Deroofing: Similar to I&D, deroofing and marsupialization is a simple and minimally invasive office procedure that several authors have described in detail. Essentially, tissue deroofing is a tissue-sparing procedure whereby the “roof” of an HS abscess or sinus tract is removed. Multiple methods can be used for deroofing procedures, using blunt scissors and a probe, electrosurgical cutting and a probe, or carbon dioxide (CO2) lasers. Usually, the wounds are left open for secondary intention healing [119]. The deroofing technique was first described by Mullins et al. [122] in 1959. Afterwards, deroofing was mentioned in many reviews and dermatology textbooks, but its efficacy has never been properly investigated. Van der Zee et al. [123] in 2010, reported the results of an open study on the deroofing intervention in 44 patients with Hurley grade I and II HS disease, with a 5-year follow-up. All 44 HS patients were treated in an open trial with the deroofing technique. Fifteen of 88 (17%) treated lesions showed a recurrence after a median of 4.6 months, and 73 treated lesions (83%) did not show recurrence after a median follow-up of 34 months. According to this study, deroofing presents many advantages such as the fact that it generally makes small defects so that no general anesthesia is needed, single-lesion surgical treatment offers low morbidity, and the chance of creating unacceptable cosmetic results is clearly diminished and scar contractures are prevented. In addition, it is an easy, inexpensive, and early intervention appearing to prevent disease aggravation. Limits concern the indication. Indeed deroofing can only be performed on I and II Hurley stage lesions.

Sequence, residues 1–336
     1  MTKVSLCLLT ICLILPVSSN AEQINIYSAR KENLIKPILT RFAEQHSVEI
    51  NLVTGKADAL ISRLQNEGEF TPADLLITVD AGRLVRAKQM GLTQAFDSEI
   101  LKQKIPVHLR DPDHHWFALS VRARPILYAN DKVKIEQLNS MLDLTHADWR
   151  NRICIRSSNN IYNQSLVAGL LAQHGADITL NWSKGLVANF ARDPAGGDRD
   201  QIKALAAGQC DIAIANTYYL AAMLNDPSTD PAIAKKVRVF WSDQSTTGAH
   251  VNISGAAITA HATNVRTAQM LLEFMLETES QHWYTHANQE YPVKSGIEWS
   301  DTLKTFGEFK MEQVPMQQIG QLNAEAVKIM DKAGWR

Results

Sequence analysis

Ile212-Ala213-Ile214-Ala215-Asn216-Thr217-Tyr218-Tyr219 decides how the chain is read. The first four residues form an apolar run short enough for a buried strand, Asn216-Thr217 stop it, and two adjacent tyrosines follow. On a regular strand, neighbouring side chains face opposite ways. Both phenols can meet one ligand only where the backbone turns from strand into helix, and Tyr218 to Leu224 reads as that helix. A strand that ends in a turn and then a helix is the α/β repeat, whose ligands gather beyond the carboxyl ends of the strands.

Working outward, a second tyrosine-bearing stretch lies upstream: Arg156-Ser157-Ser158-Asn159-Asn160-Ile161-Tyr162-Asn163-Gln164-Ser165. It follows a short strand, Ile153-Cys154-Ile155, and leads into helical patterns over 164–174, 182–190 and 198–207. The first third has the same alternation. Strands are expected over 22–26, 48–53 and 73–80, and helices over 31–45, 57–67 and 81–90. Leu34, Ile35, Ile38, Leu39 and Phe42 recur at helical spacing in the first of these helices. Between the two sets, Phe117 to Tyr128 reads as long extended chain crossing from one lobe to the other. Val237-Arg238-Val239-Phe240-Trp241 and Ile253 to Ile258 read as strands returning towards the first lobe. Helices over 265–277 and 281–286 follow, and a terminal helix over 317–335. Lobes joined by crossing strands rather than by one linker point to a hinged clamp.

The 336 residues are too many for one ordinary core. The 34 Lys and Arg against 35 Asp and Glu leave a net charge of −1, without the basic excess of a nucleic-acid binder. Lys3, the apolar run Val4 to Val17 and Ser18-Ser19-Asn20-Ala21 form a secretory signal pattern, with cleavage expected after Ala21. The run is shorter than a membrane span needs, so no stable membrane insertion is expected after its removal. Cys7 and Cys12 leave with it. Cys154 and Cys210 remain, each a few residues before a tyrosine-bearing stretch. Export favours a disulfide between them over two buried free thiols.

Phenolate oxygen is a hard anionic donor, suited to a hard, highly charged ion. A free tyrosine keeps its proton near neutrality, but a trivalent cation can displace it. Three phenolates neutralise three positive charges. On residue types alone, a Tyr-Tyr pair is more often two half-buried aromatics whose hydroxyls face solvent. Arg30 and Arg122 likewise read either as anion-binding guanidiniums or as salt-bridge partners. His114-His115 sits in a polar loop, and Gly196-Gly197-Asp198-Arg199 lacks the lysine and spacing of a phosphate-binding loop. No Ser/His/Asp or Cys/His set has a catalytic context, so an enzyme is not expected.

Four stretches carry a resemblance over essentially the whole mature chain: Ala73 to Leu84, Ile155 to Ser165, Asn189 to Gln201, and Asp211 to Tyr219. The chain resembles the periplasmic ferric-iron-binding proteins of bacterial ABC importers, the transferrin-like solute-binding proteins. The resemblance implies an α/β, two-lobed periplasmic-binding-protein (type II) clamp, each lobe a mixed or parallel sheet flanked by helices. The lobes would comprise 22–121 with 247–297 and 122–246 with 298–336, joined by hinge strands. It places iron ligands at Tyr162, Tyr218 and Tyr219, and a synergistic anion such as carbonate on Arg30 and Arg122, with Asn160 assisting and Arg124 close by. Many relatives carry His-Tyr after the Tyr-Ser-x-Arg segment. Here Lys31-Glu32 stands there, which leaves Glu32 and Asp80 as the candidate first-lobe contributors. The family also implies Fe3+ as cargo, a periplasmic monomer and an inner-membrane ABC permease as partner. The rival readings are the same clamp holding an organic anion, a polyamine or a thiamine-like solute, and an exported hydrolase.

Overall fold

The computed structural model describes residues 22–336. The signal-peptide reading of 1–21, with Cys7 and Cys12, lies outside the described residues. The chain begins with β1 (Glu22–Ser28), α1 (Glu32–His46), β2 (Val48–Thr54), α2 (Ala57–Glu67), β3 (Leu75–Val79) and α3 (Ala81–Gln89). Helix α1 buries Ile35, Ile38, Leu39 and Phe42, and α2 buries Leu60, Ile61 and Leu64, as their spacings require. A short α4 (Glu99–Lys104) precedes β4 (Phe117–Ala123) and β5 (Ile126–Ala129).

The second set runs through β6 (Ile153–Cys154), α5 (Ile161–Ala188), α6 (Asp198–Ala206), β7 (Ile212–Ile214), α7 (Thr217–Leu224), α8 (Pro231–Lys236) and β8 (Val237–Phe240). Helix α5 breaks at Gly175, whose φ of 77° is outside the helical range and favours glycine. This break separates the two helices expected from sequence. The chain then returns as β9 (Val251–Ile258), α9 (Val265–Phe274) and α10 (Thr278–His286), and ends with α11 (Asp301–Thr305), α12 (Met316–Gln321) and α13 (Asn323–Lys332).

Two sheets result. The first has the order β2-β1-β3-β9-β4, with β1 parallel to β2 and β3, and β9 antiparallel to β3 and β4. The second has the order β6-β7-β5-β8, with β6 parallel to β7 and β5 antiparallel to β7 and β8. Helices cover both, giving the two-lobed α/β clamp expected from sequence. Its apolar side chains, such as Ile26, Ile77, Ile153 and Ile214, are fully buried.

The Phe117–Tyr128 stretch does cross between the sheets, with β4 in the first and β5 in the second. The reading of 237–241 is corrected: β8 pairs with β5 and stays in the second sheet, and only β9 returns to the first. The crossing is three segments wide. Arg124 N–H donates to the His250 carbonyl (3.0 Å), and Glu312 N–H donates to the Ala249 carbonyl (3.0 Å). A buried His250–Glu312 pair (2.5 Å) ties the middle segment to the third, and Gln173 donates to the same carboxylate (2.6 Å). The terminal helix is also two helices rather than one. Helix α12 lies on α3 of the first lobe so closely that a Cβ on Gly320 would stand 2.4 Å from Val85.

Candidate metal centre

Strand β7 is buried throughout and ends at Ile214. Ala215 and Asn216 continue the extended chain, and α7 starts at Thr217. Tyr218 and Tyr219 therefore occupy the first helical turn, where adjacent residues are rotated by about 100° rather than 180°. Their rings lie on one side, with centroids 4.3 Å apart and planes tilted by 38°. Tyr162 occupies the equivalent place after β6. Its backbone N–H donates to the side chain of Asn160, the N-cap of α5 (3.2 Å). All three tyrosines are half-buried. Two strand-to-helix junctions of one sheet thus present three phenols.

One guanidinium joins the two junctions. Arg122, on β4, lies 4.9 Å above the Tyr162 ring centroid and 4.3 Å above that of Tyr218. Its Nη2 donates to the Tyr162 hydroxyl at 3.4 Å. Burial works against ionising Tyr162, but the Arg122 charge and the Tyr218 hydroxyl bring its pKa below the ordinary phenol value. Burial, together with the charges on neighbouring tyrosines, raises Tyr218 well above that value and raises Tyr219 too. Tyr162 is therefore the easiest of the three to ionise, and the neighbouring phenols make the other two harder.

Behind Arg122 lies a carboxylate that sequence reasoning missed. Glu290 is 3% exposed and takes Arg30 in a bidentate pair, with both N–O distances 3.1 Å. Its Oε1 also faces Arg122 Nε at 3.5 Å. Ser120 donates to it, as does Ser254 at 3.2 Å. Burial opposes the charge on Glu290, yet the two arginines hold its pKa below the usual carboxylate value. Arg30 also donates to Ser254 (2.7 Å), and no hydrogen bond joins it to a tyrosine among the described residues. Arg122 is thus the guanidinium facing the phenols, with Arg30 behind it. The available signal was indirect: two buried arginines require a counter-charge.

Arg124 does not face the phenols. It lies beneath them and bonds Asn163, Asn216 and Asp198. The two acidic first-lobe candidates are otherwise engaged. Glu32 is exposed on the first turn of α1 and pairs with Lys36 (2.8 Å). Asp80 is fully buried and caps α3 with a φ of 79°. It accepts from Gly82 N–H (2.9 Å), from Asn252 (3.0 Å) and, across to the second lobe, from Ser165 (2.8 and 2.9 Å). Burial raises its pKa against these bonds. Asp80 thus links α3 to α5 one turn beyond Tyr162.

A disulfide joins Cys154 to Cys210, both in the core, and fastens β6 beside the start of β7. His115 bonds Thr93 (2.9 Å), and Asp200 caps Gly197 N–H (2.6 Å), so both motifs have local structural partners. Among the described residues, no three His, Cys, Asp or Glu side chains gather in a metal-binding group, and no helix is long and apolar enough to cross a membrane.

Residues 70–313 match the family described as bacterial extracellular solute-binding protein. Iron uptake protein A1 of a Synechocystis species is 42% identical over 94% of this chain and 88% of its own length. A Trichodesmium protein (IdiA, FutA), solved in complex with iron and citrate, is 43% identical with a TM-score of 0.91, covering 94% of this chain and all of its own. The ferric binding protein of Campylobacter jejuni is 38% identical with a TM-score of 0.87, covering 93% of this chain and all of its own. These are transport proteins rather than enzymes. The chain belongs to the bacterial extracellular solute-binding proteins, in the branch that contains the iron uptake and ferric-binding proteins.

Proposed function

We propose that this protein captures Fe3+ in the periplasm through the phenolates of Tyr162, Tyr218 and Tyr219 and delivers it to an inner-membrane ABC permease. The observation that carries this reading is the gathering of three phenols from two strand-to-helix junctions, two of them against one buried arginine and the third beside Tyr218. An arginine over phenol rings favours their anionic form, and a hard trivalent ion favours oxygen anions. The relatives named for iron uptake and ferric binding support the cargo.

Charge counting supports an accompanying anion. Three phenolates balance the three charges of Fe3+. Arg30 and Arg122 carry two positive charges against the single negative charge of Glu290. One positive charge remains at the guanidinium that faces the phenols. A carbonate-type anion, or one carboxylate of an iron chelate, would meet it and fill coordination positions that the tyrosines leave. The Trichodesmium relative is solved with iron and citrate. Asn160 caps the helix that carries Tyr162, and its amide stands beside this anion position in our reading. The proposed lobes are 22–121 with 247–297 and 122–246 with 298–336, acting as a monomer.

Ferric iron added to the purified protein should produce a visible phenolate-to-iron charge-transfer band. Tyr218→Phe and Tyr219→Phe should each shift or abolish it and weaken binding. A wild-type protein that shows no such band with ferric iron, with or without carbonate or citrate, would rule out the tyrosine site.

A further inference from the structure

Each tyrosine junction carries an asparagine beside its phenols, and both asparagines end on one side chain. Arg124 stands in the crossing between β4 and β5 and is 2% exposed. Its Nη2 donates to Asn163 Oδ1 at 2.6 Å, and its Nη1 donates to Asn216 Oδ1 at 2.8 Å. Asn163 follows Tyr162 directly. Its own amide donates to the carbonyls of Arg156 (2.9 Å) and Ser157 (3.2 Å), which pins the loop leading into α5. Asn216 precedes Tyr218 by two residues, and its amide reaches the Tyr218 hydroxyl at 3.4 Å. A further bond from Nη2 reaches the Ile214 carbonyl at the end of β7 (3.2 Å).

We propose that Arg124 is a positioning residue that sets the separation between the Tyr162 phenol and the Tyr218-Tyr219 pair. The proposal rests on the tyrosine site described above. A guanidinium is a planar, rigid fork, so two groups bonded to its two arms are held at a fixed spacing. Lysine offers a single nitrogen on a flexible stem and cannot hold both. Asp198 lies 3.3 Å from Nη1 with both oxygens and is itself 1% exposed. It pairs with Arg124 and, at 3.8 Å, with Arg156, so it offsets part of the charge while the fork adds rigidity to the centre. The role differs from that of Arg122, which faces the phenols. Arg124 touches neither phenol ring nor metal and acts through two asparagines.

There is overall agreement that radical wide excision of all involved skin and tissue is the only curative treatment. Because the disease often extends into the fat, in general, excision should be done to ensure removal of all tissue, including skin and subcutaneous fat, down to the deep underlying fascia. A margin of 1 to 2 cm is often essential to ensure a cure. Radical excision can be successfully performed in all HS locations from Hurley stage I to III. When surgeons are uncertain about the extent of the disease, preoperative magnetic resonance imaging or ultrasound can be used. Alternatively, intraoperative color marking of sinus tracts with dyes such as methyl violet and iodine starch can be used to define the operative area [117,124,125].

The choice of the reconstructive technique largely depends on the size and location of the defects. Reconstruction after radical wide excision is important to maintain function, reduce contracture, and provide good aesthetic outcomes. Nicoli et al. [126] described an innovative treatment for severe HS using an innovative and alternative method with platelet-enriched plasma to promote neovascularization and a dermal substitute named Hyalomatrix (Fidia Advanced Biopolymers, Abano Terme, Italy), a delivery system for hyaluronic acid, to induce neodermis at the wound bed and to stimulate regeneration in a humid and protected environment. The procedure was well tolerated and achieved complete wound healing after 2 months. No recurrence was observed during the 1 year after the surgical procedure, as well as no wound dehiscence and no scar contractures occurred.